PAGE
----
Even the most affordable options have risen by about 70% during that period, costing as much as $170 a week. The United States government is aware that many low-income families are unable to cover these costs. A group of federal and regional programs have been created to help them alleviate the cost of providing good care to their children.
Through these assistance programs, low income families can receive financial support to provide quality education and healthcare to their children. In this guide, we cover the most common programs, the benefits they provide, as well as the steps to take advantage of them.
Head Start and Pre-K Programs
The Department of Health and Human Services (HHS) operates two twin programs designed to assist children from birth to age five. Called “Head Start” (HS) and “Early Head Start” (EHS), they promote early school readiness for children of families going through financial hardship and who cannot leave work to raise them. Both programs include a variety of services that assist children with their mental, social and emotional development.
Pre kindergarten programs, better known as Pre-K, are also part of the Head Start funding package in some states. They provide additional financial support with the early education of children who are between three and five years old. This financial assistance is often given at no cost, and families can choose from half-day and full-day options.
Children’s Health Insurance Program
The Children’s Health Insurance Program, or CHIP, provides high-quality health insurance to more than ten million children across the country. It was signed into law in 1997 by President Bill Clinton to provide coverage for families who have children but whose annual income is too high to make them eligible for Medicaid.
Like Medicaid, CHIP coverage includes many benefits within its insurance packages, such as routine check-ups, prescriptions, dental and vision care, laboratory and X-ray, and emergency services. Each state offers its own services package, although most of the basic benefits are available in all fifty states in order to comply with federal guidelines.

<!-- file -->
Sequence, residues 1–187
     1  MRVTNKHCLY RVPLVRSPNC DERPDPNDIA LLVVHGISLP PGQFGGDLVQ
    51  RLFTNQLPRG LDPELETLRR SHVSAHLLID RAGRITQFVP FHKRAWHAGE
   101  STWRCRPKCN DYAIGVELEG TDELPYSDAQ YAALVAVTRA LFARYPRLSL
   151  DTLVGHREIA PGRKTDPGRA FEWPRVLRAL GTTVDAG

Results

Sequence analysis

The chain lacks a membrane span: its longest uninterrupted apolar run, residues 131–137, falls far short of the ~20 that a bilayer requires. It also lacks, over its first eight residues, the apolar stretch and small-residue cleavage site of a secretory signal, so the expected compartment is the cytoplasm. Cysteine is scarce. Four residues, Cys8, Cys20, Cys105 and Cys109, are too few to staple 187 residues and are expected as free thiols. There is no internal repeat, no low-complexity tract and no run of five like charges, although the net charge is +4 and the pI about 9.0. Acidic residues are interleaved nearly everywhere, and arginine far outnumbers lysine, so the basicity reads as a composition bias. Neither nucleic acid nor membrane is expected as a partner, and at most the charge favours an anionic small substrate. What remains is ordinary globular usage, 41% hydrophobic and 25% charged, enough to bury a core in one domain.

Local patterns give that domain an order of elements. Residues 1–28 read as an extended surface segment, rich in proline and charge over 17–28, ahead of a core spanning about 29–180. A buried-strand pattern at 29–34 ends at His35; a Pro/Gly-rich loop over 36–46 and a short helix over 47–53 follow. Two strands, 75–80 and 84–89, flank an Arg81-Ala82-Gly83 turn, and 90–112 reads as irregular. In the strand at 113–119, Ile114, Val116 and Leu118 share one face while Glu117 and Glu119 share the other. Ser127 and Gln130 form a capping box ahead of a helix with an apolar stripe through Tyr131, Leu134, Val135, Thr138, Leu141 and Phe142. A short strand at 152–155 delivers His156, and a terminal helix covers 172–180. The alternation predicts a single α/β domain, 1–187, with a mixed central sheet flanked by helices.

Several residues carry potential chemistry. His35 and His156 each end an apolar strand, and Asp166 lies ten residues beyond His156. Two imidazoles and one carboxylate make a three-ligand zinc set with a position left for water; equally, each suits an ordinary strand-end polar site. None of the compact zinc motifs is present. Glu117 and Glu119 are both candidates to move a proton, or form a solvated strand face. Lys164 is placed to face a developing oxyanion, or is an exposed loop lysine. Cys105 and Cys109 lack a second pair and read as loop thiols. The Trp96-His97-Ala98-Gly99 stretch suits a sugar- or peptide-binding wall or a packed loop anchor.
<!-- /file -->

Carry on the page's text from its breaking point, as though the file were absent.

How to Qualify
Head Start and Pre-K programs have specific requirements set by the states that fund them. Generally, states grant the benefits to families who fall within the Federal Poverty Level (FPL). In 2018, someone earning less than $12,140 would fall below the poverty level in most states. Some local agencies consider additional factors such as average education costs within the state, as well as median annual income, to determine eligibility.
The Children’s Health Insurance Program has eligibility requirements closely aligned with Medicaid. Families, or their children, become eligible for CHIP benefits, if their total annual income is at around 200% of the federal poverty level. As an example, a family of three would have to make less than $35,000 a year to qualify for the benefits. Some states extend coverage to families earning less than $50,000 a year. Homeless children or those who belong to a family receiving financial assistance from programs such as TANF automatically become eligible for CHIP regardless of income.
How to Apply
Applying to receive the benefits of any of the child care programs we mentioned above can be done through different avenues. The local Child Care Subsidy agency is the first option that comes to mind to gather information about which programs are available in a state, and what’s required to submit an application. States like New York operate websites to manage all of their financial assistance programs. Families can register and apply using these feature-rich platforms, which allow them to stay up to date with their applications and current benefits.
Families who participate in other programs such as Temporary Assistance (TANF) and the Supplemental Nutrition Assistance Program (SNAP) can request guidance as to which child care programs would better fit with their current benefits.